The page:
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In the Physical Vapour Deposition (PVD) method, the vaporized compound is deposited without any chemical reaction Examples of PVD are sputtering, electrophoresis, electroplating and ion transfer In recent years, the use of PVD methods has increased at an extremely rapid rate owing to reduced costs and, more importantly, because of an increased demand for high-performance materials and coatings that cannot be produced by other methods The film thickness that can be deposited using the PVD technique is 1200 in (003 5 m) Thicker films are sometimes deposited, but the cost-benefit ratio usually acts as a barrier, dictating the use of films thinner than 200 in (5 m) Figure 213 illustrates a generalized PVD system with its three phases of vapour emission from a source, transport to, and condensation on the substrate Also depicted are a number of system requirements to operate the process, as well as options that enable reactive deposition, a plasmaenhanced vapour and ion bombardment of the growing film The most widely used commercial PVD processes are vacuum arc evaporation, electron beam evaporation, and high rate magnetron sputtering These are commonly referred to as ion-assisted processes and can be used to deposit coatings by non-reactive and reactive means
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Fig 213: A generalized PVD system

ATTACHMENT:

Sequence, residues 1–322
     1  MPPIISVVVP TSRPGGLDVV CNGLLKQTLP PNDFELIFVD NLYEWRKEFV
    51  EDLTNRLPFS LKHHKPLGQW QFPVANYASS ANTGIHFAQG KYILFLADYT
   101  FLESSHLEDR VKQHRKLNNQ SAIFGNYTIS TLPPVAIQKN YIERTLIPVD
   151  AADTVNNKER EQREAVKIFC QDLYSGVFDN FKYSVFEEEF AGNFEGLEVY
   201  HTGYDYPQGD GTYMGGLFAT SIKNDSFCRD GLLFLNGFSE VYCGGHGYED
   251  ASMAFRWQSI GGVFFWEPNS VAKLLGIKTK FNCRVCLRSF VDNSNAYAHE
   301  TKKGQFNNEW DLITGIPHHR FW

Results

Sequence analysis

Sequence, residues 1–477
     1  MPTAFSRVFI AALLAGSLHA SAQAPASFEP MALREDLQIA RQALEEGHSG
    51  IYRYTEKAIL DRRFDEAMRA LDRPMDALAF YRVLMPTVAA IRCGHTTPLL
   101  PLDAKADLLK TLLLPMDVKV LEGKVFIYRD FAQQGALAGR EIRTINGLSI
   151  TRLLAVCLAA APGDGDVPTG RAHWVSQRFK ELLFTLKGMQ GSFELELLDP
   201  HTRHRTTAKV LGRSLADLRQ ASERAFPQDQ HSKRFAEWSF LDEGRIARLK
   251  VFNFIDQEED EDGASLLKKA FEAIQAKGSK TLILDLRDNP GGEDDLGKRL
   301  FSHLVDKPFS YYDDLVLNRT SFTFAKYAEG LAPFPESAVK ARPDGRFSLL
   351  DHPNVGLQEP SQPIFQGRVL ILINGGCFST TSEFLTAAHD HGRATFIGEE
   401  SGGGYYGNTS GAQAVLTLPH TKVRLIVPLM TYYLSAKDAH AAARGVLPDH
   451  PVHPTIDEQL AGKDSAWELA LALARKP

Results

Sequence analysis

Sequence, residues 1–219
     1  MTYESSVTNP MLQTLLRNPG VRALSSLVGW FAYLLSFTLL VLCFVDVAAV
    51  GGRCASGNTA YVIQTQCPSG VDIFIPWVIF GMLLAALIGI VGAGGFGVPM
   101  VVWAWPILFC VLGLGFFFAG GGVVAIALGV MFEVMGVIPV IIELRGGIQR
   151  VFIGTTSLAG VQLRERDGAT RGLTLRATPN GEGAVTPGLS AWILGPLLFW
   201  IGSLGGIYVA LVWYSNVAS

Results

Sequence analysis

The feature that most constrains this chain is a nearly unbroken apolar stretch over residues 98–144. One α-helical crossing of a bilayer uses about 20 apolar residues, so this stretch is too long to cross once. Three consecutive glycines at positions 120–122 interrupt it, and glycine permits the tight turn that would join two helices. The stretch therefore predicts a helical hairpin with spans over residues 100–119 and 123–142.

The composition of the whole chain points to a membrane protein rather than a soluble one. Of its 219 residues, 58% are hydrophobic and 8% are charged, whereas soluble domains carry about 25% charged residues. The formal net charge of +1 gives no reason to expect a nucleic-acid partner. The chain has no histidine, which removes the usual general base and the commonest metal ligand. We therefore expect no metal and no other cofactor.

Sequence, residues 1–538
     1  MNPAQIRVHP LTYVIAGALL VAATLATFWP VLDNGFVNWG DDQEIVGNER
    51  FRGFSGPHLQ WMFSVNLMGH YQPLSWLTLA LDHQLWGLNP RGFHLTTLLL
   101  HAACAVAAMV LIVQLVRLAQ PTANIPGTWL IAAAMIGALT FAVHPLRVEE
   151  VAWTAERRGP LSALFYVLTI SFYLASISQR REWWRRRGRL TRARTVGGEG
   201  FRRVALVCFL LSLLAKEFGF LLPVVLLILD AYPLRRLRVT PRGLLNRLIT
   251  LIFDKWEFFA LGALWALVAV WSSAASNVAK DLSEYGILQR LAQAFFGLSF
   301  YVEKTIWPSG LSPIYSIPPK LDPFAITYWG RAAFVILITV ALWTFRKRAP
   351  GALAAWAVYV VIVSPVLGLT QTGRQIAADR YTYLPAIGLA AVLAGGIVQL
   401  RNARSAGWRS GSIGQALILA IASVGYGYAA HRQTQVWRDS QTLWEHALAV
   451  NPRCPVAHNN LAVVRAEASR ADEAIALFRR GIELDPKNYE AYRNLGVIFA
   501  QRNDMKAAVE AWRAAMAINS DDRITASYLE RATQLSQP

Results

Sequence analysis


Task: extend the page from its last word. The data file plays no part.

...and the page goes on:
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In the reactive PVD method, carbides, nitrides, oxides, carbonitrides, and many other types of compounds are deposited by introducing a reactive gas (simple hydrocarbons such as CH4, C2H4; nitrogen; oxygen; and other gases) into the physical vapour stream Reactions between the gas and physical vapour can occur at the source surface, in transit, or at the substrate surface, as well as on the chamber walls and on other surfaces In most processes, reactions at the vapor source are minimal owing to the nature of the process and/or the requirements of the process designer In the vacuum arc evaporation technique, surface reactions often take place at the source These reactions do not significantly affect the vaporization rates because most of the vapor release occurs from beneath the source surface In electron beam evaporation, the maximum operating pressure at the source is too low at typical evaporation rates for significant reactions to occur For reactive planar magnetron sputtering, cathode vaporization rates are often reduced by a factor of 10 or more at a given power input when oxide, nitride, or carbide layers form on the sputtered surface To avoid such a reduction in rates, formation of reacted surface layers is often inhibited by enclosing the cathode in a housing having a vapour emission slot and by simultaneously directing reactive gases towards the substrates Either the reactive gas flow or the cathode power level must then be controlled to maintain a proper balance of metal and gas reactants arriving at the substrates to achieve the desired film composition, while at the same time maintaining a sufficiently low concentration of reactive gas at the cathode to prevent the formation of rate-limiting reaction films Automatic process control is required to achieve the continuous monitoring and short response time necessary to maintain the balance between metal and gas reactants at the substrates The use of reactive PVD hard coatings, especially titanium nitride (TiN), to improve the performance of cutting tools has increased at an exceptionally high rate since 1980 Titanium nitride is a refractory material that has hardness greater than HRC 80, and is approximately three times harder than the typical high-speed tool steels A TiN coating provides resistance to chemical deterioration because it is a stable (almost inert) material It also prevents chip welding in cutting tools owing to the antigalling properties of the coating Titanium nitride has a lower coefficient of friction than do hard chromium coatings, thus improving chip flow and reducing friction between the tool and the work piece The PVD process does not cause any heat-related damage to the cutting tool edge, so the strength of the coated tool is nearly equal to that of the substrate PVD can be applied only to limited substrate shapes; for example, it is impossible to coat the inner surface of a hole using the PVD technique The coating is finer grained, smoother, and more lubricious Generally, PVD coatings are better suited for precision HSS, HSS-CO, brazed WC, or solid WC tools In fact, PVD is the only viable method for coating brazed tools because the CVD method uses temperatures that melt the brazed joint and soften the steel shanks Brazed WC tools should be stress relieved before being subjected to PVD coating to minimize tool body distortion The steel shank of a rotary tool with a brazed solid WC head is sometimes finish ground between centres after coating to maintain its roundness to within 001 mm PVD coatings effectively conform to the sharp edges of finishing tooling and are generally smoother than CVD coatings, which build up on sharp corners PVD